Technological advances have enhanced the speed of the dissemination of firm-specific information, and broadened its distribution. In this new, post-internet paradigm, after also considering the maturity (and size) of the investment management industry, we propose there is very little difference between large and small-capitalization equities in terms of relevant information available to the marginal investor. Consequently, we suggest that the notion that the equity prices of smaller capitalisation companies are somehow less efficiently priced than their larger brethren may potentially be stale.
We are saying nothing here about the small-cap premium, or the tendency for small caps to outperform large caps in some horizons. A current working paper by the team at AQR does a much better job empirically dispelling some of these myths than we ever could. We are simply saying that the notion that small-caps are potentially less efficiently priced than large-caps may be outdated.
Furthermore, we consider that the efficiency in the pricing of some specific, individual securities – in rare cases – may be affected by institutional constraints and behavioural biases that prevent a rational incorporation (or indeed, digestion) of fundamental, public information specific to that company. As such, we wonder if a strategy that seeks to identify those biases – in conjunction with incorporation of accurate, unbiased fundamental analysis – may be one way, if not the only way, for stock-pickers to generate alpha.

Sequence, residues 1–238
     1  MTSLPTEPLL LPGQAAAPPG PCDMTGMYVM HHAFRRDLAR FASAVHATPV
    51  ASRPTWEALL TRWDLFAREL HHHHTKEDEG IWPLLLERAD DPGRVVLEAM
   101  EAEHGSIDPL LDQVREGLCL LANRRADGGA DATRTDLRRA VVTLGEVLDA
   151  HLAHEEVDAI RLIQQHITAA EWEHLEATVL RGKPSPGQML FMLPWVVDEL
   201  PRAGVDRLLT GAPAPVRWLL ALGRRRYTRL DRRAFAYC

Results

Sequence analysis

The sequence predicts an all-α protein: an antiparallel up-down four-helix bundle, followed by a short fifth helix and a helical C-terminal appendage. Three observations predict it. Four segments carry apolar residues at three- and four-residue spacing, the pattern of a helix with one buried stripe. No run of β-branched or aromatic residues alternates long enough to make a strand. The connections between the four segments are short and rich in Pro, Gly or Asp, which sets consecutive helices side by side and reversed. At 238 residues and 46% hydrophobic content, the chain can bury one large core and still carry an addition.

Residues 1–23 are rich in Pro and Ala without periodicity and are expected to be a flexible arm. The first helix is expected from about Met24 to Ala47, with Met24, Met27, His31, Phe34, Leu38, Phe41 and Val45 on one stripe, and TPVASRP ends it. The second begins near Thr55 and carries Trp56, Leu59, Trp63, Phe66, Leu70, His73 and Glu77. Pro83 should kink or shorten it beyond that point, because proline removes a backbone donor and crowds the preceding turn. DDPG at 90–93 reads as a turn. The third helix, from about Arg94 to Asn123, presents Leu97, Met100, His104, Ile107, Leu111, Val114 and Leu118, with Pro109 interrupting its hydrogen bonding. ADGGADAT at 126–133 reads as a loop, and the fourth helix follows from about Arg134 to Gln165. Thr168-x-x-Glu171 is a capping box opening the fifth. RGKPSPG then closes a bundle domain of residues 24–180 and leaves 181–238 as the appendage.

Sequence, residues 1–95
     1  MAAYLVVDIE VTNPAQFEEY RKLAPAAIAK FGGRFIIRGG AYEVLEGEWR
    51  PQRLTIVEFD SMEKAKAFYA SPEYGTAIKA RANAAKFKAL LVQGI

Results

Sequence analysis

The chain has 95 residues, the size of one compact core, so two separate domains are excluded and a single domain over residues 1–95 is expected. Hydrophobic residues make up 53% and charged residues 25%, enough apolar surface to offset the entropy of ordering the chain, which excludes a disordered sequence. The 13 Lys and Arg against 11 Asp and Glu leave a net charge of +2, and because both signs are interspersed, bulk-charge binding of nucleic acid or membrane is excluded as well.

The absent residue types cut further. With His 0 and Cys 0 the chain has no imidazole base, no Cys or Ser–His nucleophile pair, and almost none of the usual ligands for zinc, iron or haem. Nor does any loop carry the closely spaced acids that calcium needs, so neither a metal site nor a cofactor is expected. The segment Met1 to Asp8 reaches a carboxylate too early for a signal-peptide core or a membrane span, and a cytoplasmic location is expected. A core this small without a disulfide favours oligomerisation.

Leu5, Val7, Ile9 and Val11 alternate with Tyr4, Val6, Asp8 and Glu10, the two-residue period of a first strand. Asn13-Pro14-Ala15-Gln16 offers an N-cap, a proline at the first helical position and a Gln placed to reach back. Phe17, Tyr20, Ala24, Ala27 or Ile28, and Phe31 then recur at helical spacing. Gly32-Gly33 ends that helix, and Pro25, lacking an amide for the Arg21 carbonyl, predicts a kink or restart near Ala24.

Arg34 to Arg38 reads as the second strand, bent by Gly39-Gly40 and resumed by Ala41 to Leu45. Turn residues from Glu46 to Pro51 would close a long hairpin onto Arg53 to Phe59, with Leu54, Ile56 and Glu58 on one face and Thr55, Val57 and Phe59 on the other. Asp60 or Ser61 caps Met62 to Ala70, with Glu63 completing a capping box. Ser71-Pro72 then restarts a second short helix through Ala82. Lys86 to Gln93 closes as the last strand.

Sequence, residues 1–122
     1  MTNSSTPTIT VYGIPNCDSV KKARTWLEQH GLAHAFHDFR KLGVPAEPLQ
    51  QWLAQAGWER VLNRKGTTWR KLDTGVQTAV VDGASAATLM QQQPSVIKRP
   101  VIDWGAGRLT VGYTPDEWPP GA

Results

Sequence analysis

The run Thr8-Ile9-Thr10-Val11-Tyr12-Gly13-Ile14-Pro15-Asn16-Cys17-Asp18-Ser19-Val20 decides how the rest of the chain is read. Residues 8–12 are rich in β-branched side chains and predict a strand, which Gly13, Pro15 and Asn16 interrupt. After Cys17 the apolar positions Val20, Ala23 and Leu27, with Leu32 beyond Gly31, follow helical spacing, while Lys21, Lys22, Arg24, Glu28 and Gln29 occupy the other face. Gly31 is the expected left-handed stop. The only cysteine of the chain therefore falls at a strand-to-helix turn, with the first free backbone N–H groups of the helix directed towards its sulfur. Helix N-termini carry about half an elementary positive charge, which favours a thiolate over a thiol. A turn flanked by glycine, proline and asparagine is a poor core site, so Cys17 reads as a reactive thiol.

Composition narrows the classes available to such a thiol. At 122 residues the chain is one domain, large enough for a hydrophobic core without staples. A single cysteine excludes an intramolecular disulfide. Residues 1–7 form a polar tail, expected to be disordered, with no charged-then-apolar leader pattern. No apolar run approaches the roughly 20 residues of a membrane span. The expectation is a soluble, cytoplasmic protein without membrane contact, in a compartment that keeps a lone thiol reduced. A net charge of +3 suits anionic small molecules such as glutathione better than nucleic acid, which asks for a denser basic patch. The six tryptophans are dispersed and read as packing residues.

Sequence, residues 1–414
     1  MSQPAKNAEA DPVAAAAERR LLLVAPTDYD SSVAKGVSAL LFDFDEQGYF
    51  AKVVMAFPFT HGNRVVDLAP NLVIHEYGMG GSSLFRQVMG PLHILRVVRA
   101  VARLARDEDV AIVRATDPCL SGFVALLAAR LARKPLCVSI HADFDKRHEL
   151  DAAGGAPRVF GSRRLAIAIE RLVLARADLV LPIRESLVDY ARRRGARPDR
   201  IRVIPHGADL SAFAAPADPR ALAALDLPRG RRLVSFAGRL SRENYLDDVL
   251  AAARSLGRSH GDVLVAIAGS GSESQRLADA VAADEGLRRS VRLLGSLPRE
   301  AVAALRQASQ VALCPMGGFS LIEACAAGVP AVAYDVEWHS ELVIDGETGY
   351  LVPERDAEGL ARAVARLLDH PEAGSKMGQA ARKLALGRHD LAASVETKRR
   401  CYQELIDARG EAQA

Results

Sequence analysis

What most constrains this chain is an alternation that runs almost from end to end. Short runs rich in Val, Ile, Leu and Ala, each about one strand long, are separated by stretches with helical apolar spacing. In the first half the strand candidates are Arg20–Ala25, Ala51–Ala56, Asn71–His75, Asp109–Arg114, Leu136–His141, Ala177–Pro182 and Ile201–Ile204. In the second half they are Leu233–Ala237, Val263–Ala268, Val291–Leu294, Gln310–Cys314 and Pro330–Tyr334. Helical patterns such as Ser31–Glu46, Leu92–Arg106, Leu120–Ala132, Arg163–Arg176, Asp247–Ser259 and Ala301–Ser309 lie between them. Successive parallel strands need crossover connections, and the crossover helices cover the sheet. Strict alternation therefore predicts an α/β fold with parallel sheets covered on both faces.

This, in turn, leads to a possible counterintuitive conclusion that alpha opportunities may not degrade as one moves up the market capitalization spectrum; and opens up the possibility than in some exceptional cases, mid, large and even mega-caps may offer idiosyncratic opportunities, and equally happy a hunting ground as their small-cap brethren.
The notion that small-caps are more ignored or less well-covered than large-caps is hard to disagree with, not just anecdotally, but empirically. This perception typically leads the active investment community to a conclusion that small-caps are more informationally inefficient, and thereby more suitable for the extraction of alpha. This is a common view, and it is often promoted by many fundamental stock-pickers. Essentially, they imply that an informational advantage can be gained by focusing on less-covered, smaller capitalization stocks, and that these opportunities are a primary source of alpha.
We’ve observed something different. Firstly, it appears to us that it is at least possible that larger (and consequently more well-followed) companies may potentially be more susceptible to the behavioural biases of the consensus investor. Furthermore, it should not be controversial to claim that the more well-followed a company is, the more likely that the consensus view can be identified for that particular security. Thus, if the biases are potentially more likely and identifiable as companies become larger and more well-followed, then could it be that larger-cap stocks could at least potentially offer a more fertile ground for identifying idiosyncratic, inefficient, investment opportunities.